Many tourists who visited the Mexican Caribbean over the long weekend were greeted by the early arrival on some beaches of hefty quantities of the smelly seaweed known as sargassum.
Beach destinations in Quintana Roo saw an influx of tourists for the March 19-21 puente, an annual long weekend to mark the anniversary of the birth of former president Benito Juárez, but authorities have warned that this year’s early arrival of sargassum could cause problems for Holy Week, which starts on April 10.
Sixteen beaches in the state already have excessive amounts of sargassum, mainly in the south and on the Riviera Maya, according to the Sargassum Monitoring Network, which published an updated map on Wednesday. Beaches in the north of the state, including in and north of Cancún, are so far less affected.
The network said another map published on Monday by the University of South Florida showed a 1,000 kilometer swathe of sargassum between Jamaica and the Caribbean coast, particularly dense to the north of Honduras, at least some of which should arrive on Mexico’s Caribbean shores at the beginning of April.
The director of the federal office of maritime land zones (Zofemat), Hugo Uribe Nicolás, said the year’s first official sargassum collections started last weekend on Playa del Carmen’s central beaches. More than 50 volunteers and municipal workers collected over 80 tonnes of seaweed using tractors and wheelbarrows.
However, the problem was made worse because the placement of sargassum barriers by the navy had been delayed due to bad weather. The head of the national sargassum strategy, Rear Admiral Alejandro López Zenteno, said that barriers would be installed in Puerto Morelos in the coming days, in Playa del Carmen in the first week of April and then in Tulum immediately after.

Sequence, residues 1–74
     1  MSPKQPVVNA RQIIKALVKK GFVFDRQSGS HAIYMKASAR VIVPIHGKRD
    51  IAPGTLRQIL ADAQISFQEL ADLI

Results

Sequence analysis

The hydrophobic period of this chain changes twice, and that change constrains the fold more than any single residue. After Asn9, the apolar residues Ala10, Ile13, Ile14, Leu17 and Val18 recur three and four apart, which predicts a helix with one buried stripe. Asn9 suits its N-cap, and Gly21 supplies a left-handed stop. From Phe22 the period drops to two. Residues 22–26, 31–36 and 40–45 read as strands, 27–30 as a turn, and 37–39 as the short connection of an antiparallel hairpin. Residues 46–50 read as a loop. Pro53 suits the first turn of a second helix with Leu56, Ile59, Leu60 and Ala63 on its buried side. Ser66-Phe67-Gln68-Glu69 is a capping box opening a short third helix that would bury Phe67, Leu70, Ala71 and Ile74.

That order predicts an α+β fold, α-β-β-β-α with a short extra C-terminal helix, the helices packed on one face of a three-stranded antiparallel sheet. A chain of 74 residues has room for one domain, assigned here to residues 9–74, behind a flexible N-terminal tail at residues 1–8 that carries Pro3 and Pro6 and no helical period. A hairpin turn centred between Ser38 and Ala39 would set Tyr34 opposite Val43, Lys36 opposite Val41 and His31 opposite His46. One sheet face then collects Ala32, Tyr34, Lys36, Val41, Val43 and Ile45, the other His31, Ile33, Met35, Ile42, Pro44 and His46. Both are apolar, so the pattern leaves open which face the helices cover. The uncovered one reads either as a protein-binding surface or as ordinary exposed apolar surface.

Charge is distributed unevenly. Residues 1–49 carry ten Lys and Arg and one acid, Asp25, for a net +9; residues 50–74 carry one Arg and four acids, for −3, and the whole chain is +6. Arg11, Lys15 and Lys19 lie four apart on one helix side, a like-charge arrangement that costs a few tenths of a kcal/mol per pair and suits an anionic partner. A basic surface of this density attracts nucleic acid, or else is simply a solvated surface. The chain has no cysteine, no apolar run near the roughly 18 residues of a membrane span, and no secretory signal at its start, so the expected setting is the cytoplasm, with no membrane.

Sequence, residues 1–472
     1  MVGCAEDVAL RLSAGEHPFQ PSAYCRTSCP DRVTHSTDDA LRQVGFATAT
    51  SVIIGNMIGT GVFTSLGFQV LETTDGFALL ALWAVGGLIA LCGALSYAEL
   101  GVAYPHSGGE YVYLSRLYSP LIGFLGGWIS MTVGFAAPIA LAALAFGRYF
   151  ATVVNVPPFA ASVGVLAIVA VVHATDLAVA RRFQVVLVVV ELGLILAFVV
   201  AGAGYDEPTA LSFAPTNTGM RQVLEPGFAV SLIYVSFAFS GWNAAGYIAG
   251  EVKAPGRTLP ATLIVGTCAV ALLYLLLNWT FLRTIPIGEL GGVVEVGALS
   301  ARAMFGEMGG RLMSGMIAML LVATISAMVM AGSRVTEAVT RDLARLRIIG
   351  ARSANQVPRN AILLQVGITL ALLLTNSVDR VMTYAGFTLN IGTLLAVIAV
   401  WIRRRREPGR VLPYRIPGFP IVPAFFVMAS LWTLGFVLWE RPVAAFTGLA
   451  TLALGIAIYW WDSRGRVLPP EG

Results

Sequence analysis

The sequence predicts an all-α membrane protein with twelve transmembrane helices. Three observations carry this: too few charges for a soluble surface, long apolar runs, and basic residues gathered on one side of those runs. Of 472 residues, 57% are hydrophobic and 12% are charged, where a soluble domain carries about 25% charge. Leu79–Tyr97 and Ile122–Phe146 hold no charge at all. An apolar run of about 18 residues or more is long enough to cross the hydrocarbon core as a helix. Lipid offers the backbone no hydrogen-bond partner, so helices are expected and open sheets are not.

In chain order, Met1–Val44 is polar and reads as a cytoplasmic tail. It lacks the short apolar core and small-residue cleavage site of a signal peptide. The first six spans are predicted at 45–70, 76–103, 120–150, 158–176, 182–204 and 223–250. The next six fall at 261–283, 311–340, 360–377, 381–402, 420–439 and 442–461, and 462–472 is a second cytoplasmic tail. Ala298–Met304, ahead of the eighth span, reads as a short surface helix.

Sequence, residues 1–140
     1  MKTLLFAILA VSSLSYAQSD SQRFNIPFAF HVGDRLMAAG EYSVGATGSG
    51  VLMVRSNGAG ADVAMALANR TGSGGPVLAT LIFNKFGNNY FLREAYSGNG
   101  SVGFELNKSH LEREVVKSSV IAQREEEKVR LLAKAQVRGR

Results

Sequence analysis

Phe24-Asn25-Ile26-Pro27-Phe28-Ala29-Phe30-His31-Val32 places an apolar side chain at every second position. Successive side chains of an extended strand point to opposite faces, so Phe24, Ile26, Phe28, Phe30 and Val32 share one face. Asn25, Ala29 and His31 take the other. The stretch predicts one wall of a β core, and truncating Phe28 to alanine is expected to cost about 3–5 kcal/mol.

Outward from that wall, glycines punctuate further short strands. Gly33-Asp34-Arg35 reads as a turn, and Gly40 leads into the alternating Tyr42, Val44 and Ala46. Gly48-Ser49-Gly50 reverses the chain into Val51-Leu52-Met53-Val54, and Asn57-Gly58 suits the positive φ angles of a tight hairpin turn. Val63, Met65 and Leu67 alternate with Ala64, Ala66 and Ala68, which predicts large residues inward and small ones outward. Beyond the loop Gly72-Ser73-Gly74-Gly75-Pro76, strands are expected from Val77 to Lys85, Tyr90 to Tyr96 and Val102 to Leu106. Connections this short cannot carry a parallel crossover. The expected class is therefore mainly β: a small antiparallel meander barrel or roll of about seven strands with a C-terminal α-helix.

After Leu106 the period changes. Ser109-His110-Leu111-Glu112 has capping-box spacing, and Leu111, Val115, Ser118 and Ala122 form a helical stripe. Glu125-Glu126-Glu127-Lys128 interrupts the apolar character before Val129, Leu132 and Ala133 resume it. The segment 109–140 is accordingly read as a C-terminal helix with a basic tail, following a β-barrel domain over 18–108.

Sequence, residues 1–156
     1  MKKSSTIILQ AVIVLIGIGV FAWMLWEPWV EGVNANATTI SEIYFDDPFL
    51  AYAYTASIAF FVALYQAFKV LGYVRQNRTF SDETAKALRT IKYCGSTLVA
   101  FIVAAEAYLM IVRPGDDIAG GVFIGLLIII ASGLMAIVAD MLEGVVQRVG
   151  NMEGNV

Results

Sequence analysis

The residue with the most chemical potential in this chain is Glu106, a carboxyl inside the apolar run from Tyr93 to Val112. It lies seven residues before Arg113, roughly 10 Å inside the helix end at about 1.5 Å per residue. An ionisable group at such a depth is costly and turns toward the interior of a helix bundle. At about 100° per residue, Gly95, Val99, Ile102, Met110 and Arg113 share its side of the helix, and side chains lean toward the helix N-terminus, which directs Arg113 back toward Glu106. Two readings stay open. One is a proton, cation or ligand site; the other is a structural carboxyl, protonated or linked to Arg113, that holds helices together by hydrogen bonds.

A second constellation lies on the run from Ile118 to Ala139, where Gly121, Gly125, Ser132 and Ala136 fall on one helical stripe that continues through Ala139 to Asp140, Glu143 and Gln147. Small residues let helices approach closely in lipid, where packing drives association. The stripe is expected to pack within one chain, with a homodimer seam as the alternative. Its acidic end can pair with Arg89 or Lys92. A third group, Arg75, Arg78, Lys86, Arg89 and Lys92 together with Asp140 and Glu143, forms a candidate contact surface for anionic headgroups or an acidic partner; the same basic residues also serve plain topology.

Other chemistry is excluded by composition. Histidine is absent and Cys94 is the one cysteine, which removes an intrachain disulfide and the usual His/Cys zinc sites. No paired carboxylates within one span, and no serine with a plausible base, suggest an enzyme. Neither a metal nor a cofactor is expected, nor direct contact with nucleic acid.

He added that a 500 meter barrier had been laid in Mahahual, which will be finished this week.
The director of sales and marketing at the Grand Hyatt Playa del Carmen, Marc André, said he was counting on federal authorities to keep the beaches clean. “The navy has barges to collect sargassum before it lands on the beaches … it causes discomfort, not only visually, but because of the smell,” he said.
The manager of a beach club in Tulum said the seaweed would affect visitor numbers. “Hopefully over the Easter holidays there will be no arrival of sargassum, because that affects the flow of local and foreign visitors,” he said.
Hotel occupancy in some of the state’s primary tourist destinations was around 85% and almost 400,000 tourists visited the Caribbean coast over the long weekend, according to the state Tourism Ministry. It posted photos of pristine beaches on Tuesday, explaining that not all of the beaches in the state are plagued by the seaweed.
Very little sargassum reached Quintana Roo beaches prior to 2014 but very large quantities of the weed have arrived annually since then. Climate change, pollution from fertilizers and changing ocean flows and currents are among the factors cited for the increased quantities, much of which floats up to the Caribbean sea from the Atlantic Ocean off the east coast of South America.